Viability. In the long run, a college on this plan is more viable than many other models. Since its overhead is low, since it invests its early funding not in extras, but essentials, and in such a way that it guarantees the long-term survival of those essentials, its bottom line is not driven by student numbers. In other words, in theory the college could operate with one student per year, because all its essential functions would be provided for financially. Conversely, stresses brought about by uptrending student enrollment can be met by student contribution to room and board, etc., or, conversely, met by ceilings placed upon student enrollment with a maximum “sweet number” in view.

Intentionality. Of all the possible curricula, the lock-step curriculum places into the hands of educators and, as a result, students, the greatest degree of predictable gain from the education proferred, intensified by the inevitably on-going conversation prompted by a shared education: it is not just one group of 5 students who read the Meno, but an entire class cohort, simultaneously, and upper-classmen have already read it and integrated it into their further study. Nor is the professor working through Archimedes’ experiments with the students in that term ignorant of the Meno, affording a fertile cross-germination between apparently divergent disciplines. The question, e.g., What does scientific discovery have to do with philosophical outlook? remains a constant throughout the four years of a student’s education, its answer ever more complex and nuanced over time.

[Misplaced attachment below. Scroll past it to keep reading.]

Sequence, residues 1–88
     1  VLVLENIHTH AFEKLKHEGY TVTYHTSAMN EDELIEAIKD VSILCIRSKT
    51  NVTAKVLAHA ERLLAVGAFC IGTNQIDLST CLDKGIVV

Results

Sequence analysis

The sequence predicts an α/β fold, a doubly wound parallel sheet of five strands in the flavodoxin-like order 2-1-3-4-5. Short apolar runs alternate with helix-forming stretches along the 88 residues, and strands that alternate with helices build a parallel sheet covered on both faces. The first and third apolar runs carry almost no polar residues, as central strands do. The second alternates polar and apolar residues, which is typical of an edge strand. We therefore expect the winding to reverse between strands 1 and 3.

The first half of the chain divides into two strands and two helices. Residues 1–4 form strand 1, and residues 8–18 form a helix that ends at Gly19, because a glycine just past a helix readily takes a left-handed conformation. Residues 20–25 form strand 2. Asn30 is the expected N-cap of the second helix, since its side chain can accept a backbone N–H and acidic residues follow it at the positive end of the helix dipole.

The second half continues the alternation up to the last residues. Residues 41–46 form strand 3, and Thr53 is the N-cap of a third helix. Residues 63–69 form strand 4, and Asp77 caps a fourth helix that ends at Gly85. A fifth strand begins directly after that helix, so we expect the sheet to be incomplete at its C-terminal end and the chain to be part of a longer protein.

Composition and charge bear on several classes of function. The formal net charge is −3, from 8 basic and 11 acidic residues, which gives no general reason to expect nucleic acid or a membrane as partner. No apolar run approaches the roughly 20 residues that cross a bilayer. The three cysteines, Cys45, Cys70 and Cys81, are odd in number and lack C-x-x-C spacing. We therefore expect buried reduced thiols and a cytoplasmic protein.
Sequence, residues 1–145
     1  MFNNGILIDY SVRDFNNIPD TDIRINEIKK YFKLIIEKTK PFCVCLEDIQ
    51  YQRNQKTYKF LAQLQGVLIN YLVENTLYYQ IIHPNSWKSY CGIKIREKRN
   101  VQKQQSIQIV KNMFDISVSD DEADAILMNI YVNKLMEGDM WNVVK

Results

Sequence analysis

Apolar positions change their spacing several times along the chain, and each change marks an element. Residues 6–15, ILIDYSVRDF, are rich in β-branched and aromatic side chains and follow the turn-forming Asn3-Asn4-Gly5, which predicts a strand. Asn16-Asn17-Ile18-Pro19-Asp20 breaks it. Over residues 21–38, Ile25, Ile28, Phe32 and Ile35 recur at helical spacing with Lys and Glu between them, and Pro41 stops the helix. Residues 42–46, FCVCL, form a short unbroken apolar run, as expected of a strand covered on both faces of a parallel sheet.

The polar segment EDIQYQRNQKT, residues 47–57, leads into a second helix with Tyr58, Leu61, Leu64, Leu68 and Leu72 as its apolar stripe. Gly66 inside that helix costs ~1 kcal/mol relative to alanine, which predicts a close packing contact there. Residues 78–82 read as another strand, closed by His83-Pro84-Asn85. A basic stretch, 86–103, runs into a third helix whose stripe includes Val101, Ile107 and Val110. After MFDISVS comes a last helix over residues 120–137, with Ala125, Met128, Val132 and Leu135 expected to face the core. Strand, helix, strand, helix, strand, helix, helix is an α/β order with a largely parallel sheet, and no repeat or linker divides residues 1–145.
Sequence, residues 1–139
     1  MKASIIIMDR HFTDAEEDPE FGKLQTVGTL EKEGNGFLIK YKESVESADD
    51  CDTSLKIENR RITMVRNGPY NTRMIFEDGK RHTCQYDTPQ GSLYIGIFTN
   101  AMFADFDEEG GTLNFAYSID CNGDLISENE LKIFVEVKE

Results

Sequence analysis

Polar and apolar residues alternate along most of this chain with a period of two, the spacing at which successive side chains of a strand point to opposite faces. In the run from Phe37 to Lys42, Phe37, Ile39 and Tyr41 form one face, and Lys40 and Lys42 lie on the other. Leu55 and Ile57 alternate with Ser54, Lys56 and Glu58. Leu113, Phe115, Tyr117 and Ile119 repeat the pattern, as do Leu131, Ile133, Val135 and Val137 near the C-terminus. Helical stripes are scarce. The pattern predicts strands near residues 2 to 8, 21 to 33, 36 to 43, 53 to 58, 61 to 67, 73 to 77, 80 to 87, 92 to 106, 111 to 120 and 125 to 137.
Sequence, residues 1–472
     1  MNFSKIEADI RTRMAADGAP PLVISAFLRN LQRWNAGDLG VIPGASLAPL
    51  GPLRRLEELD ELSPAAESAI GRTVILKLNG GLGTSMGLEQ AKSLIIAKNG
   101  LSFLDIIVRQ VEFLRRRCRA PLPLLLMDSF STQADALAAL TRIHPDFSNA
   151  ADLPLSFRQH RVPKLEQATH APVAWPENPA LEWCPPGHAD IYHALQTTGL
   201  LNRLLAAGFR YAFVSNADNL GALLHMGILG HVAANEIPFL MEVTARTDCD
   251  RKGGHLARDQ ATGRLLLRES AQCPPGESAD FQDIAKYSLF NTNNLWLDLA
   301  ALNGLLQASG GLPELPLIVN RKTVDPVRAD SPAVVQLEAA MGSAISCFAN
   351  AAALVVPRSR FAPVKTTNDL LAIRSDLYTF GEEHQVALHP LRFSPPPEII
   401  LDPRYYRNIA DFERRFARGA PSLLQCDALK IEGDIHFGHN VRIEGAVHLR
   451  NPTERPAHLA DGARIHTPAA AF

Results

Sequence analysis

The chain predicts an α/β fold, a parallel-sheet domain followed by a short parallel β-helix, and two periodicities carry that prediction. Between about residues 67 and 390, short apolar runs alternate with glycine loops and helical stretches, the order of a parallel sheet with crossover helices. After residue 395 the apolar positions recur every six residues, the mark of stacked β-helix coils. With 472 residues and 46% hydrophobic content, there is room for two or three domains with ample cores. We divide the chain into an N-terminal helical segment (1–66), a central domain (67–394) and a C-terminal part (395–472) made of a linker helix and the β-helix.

Centrality of theology. In a lock-step curriculum, theology, ever more profoundly grasped and ever more deeply brought into conversation with human culture as the student’s walk through the curriculum unfolds, is and remains central; not, however, in a way that makes theology do what it does not or cannot do. In other words, while it may have some things to say about history, for example (as in Augustine’s De civitate dei), it is not made into a mathematics or science book, even if it may have claims and ways of looking at things that differ from and challenge assumptions and conclusions in other disciplinary lines. In a Lutheran context, however, it is self-understood that all things are “captive to the Word,” even if and when the surprising, but tentative results of this may be a validation of what is prima facie antithetical to the Word.